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NEW UPDATES Asean Affairs  30 September 2015  

PW Power Systems mulls assembly facilities in Indonesia

PW Power Systems Inc. (PWPS), formerly Pratt & Whitney Power Systems, is exploring the possibility of setting up an assembly and maintenance facility in Indonesia with an expected investment worth around US$10 million annually.

The plan was conveyed on Friday when visiting Vice President Jusuf Kalla met the company’s president, Peter C. Christman, in New York.

According to Kalla, the planned facility would supports gas-fired power plants, which the government expects to account for 25 percent of the country’s power generation.

“Their planned investment would closely link to PLN [the state electricity firm]. That’s why further talks with PLN will be needed,” said Kalla.

PWPS, now a subsidiary of Japan’s Mitsubishi Heavy Industries, Ltd., has leveraged the advanced technology of Pratt & Whitney aircraft engines and applied it to complex power system solutions.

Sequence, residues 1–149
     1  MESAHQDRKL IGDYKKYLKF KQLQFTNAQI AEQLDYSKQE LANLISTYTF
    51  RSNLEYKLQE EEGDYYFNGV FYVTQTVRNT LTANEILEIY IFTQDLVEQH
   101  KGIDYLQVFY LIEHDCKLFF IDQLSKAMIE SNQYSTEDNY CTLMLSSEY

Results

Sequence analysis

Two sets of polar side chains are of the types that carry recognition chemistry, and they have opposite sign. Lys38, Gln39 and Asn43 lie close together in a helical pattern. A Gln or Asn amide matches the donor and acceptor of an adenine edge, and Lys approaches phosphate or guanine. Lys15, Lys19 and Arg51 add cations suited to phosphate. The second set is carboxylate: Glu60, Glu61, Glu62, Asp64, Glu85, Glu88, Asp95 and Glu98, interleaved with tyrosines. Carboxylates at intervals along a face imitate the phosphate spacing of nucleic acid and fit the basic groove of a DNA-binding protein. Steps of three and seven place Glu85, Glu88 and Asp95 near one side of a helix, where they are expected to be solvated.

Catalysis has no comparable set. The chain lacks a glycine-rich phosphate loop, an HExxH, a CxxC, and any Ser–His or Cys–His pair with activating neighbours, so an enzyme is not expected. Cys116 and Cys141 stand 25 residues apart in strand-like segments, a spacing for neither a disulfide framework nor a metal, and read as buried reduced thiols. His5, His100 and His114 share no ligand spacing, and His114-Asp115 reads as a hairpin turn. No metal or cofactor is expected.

The company has a vast array of product lines and services, including industrial gas turbine engines, aftermarket services and repairs.

Businessman and executive of the Indonesian Chamber of Commerce and Industry (Kadin) Jacobus Dwihartanto, who also attended the meeting between Kalla and Christman, said that the discussion was a follow up to the previous rounds of talks, and that PWPS had conveyed its seriousness about investing.

“They’re now still in the process of selecting the location for their facility. Either in Batam [Riau Islands] or in Jakarta,” said Jacobus, also the president of power infrastructure company PT Elektrindo Utama Indonesia.

“Their size of investment will be around $10 million annually,” he said.

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This year in Thailand-what next?

AseanAffairs   04 January 2011
By David Swartzentruber      

It is commonplace in journalism to write two types of articles at the transition point between the year that has passed and the New Year. As this writer qualifies as an “old hand” in observing Thailand with a track record dating back 14 years, it is time take a shot at what may unfold in Thailand in 2011.

The first issue that can’t be answered is the health of Thailand’s beloved King Bhumibol, who is now 83 years old. He is the world's longest reigning monarch, but elaborate birthday celebrations in December failed to mask concern over his health. More






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